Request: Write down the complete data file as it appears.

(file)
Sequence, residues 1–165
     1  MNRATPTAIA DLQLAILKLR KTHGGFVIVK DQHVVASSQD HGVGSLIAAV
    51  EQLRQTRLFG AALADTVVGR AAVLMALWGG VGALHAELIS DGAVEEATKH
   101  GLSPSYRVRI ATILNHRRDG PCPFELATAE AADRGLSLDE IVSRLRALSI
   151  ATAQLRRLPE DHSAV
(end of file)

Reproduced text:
Sequence, residues 1–165
     1  MNRATPTAIA DLQLAILKLR KTHGGFVIVK DQHVVASSQD HGVGSLIAAV
    51  EQLRQTRLFG AALADTVVGR AAVLMALWGG VGALHAELIS DGAVEEATKH
   101  GLSPSYRVRI ATILNHRRDG PCPFELATAE AADRGLSLDE IVSRLRALSI
   151  ATAQLRRLPE DHSAV